After years of debate and increased involvement in the training and logistical support of Syrian rebel forces, the U.S. government authorized the CIA to begin directly arming opponents of the Bashar al Assad regime. Casualties from Syria’s civil war already number at least 93,000 according to some sources, and millions of Syrians are now refugees or internally displaced.
Meanwhile, the United States now confirms that Syria used chemical weapons in a number of instances, at a small scale that many fear may escalate. Chemical-weapons use provided rhetorical justification to this policy decision, but is not the entire reality of the matter. Internal pressure and Free Syrian Army leadership’s refusal to participate in a new round of negotiations at Geneva without U.S. weapons played a major role. Unfortunately for the United States and the administration, neither the known particulars of the U.S. plan, nor the concept of providing arms to rebel forces generally, appears likely to turn the war’s tide or secure lasting U.S. influence in Syria. Read More
Syrian protestors asking for a no-fly zone in 2011. European Pressphoto Agency
With the human toll mounting, the United States getting more involved in training, aid, and arms transfers, and continued calls for intervention, U.S. policymakers are grappling with the administration’s relatively non-interventionist stance on Syria. U.S. concerns about the increasing power of jihadist groups within rebel ranks, the possibility of loose chemical weapons, and the overarching desire to shorten the conflict remain. How has the course of events changed the logic of a no-fly zone, or intervention to secure chemical weapons? Read More
Undated picture of North Korean leader Kim Jong Un and his advisors.
Parsing harrowing threat from hot air is an essential task for monitoring the Korean peninsula. North Korean leaders and propaganda outlets unfailingly respond to times of crisis with apocalyptic language.
After the 2010 bombardment of the disputed Yeonpyeong island, for example, North Korea warned of a “merciless shower” and vowed renewed war would turn Seoul into a “sea of fire.”
Kim Jong-un, since succeeding his late father in December 2011, has overseen new missile tests, and in February 2013 declared his country was conducting its third nuclear test. With that latest crisis have come new rounds of grave statements. Read More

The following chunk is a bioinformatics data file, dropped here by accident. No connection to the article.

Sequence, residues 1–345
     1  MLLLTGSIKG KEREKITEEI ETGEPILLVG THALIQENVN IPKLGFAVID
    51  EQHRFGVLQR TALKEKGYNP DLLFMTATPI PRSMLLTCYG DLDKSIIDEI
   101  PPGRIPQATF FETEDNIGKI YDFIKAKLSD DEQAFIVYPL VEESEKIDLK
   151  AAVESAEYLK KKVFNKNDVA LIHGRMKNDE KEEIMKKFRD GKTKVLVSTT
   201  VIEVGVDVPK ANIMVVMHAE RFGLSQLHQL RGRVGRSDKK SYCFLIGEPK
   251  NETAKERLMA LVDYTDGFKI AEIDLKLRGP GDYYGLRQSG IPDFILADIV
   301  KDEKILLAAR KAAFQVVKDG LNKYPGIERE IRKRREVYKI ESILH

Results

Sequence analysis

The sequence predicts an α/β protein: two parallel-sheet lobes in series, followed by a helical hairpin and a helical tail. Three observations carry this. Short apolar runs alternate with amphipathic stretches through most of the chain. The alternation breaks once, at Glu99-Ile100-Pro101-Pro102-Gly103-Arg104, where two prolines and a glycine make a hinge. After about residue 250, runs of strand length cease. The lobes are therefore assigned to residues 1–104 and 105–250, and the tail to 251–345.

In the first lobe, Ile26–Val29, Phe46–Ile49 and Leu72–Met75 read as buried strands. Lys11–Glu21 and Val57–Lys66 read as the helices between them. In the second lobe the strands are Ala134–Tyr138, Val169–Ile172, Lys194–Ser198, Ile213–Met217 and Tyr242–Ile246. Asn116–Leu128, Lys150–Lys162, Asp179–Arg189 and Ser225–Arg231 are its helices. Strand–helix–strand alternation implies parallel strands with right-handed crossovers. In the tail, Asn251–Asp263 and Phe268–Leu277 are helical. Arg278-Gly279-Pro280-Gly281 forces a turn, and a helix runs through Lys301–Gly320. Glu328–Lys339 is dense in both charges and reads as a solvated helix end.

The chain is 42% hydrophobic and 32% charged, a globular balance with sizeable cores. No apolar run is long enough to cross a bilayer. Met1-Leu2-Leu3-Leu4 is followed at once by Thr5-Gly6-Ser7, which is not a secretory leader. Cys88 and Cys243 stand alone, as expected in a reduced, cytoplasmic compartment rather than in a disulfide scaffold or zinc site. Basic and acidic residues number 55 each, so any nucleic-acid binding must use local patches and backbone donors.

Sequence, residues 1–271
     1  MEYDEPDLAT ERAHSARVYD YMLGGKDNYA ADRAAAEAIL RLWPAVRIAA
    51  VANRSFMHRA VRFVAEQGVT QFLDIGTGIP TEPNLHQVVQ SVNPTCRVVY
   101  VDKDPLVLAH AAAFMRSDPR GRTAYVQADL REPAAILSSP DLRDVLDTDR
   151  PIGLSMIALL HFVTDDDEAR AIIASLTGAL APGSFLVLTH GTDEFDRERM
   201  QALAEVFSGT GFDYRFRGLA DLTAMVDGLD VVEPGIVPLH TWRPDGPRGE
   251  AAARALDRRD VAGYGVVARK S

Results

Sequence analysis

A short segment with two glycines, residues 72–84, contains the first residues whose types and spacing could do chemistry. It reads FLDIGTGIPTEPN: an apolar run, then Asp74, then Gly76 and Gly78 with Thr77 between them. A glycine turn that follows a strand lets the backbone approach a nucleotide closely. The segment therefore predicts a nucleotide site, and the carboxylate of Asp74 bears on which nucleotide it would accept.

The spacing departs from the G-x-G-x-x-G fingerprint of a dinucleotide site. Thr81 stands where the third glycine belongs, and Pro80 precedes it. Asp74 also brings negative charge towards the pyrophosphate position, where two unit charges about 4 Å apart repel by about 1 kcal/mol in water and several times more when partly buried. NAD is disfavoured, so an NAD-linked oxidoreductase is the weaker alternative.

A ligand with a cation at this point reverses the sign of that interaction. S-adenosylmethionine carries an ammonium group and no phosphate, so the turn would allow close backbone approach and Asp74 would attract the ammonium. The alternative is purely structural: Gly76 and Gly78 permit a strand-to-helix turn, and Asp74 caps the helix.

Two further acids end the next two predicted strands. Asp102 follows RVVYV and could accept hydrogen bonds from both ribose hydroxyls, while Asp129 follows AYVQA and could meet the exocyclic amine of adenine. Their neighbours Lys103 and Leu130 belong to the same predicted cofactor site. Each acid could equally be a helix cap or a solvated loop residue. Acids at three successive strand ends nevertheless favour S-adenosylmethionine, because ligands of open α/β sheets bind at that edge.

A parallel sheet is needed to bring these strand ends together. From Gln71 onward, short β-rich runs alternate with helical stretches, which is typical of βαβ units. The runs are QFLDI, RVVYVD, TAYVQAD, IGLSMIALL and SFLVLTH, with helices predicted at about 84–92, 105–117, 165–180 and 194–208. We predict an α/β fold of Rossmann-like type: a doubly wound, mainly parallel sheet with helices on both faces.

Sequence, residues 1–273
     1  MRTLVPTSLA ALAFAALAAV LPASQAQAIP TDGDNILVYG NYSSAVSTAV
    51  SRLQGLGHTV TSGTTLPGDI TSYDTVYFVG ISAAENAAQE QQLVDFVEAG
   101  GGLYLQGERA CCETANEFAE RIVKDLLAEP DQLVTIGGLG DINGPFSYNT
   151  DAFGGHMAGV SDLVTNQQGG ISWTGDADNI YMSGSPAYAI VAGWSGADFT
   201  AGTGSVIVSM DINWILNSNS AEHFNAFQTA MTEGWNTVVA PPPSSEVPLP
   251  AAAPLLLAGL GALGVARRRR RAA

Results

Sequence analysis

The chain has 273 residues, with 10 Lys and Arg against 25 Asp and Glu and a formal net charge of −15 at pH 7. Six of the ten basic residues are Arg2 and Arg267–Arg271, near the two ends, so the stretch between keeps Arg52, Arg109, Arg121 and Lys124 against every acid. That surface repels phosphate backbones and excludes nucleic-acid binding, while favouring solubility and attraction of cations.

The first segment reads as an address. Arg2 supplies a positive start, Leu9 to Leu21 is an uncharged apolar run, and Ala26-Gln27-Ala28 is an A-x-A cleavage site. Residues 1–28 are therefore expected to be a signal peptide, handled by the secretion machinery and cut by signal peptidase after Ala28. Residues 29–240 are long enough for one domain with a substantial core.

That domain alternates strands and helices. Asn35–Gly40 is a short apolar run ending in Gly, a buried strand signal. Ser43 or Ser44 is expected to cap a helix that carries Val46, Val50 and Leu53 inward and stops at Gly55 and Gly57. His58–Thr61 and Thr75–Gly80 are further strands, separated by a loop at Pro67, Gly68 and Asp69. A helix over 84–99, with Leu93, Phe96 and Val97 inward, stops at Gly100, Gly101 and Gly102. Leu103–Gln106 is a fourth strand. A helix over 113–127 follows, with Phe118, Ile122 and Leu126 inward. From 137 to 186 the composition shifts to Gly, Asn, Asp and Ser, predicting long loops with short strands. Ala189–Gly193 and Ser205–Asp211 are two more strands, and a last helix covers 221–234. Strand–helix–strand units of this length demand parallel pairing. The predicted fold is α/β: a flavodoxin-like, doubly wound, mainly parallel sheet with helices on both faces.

The unexpected departure of David Petraeus as head of the top U.S. spy agency has opened up an opportunity for the administration to set the course for the CIA for the second Obama term. The following are likely choices for next U.S. top spy.
The Short List:
Michael Morell is the current acting CIA Director – a role he filled in the interregnum between directors Leon Panetta and David Petraeus.
Michael Morell, AP
Before taking the job in 2010, Morell served as the Director of Intelligence, heading up the CIA’s foreign analysis wing. Morell is a tested — and by some accounts a heavily favored candidate. However Morell is a departure from the Agency’s recent course and would likely shift its emphasis from kinetics back to intelligence analysis. His experience with Asia jibes with the President and current administration’s so-called pivot to Asia.
John O. Brennan , Current Deputy National Security Advisor for Homeland Security and Counterterrorism, could be a contender for the job. Brennan spent nearly 30 years with the CIA. His work, ranging from the Near East to South Asia, gave him the regional backing commensurate with the range of U.S.’s most intense counterterrorism operations.
John Brennan, White House Photo
It would not be Brennan’s first shot at the job. He was a rumored favorite in 2008, but his controversial statements in favor of rendition and accused complicity in torture as an advisor to former CIA Director George Tenet pushed the administration to nominate him for a position with lower barriers to entry. Since then he has been a key figure in the expansive targeted killing campaigns against al Qaeda and its affiliated movements, and a consistent defender of its practical logic. Brennan would be a strong choice for continuity, and maintains the President’s confidence. But he would be as unappealing for those looking to give the CIA a fresh start from its counterterrorism focus. And after a long career in public service, Brennan may prefer retirement to promotion.
In July, Syria’s Foreign Minister Walid Mullalem declared that Syria’s stockpiles of chemical and biological weapons would go unused in its civil war – unless a foreign power chose to intervene. The threat constituted a rare confirmation of the regime’s unconventional arsenal. The declaration raised serious concerns about U.S. policies in the event the regime did use its chemical or biological weapons. President Obama stated this would constitute a “red line” with “enormous consequences” that would alter calculations for military actions.
Given the various risks concerned with the proliferation or use of unconventional weapons, particularly chemical weapons, understanding the scope and requirements of potential military missions is essential. The first major consideration is whether U.S. and potential allied military strikes would focus on destroying, deterring, or securing Syrian weapons stocks. While a deterrent threat can be made without any military deployment, destroying Syrian weapons of mass destruction (WMD) would require airstrikes and special operations teams. A mission to secure Syria’s WMDs would likely be the most costly and dangerous of all, as it would likely involve tens of thousands of foreign ground troops, perhaps as many as 75,000, according to at least one press report.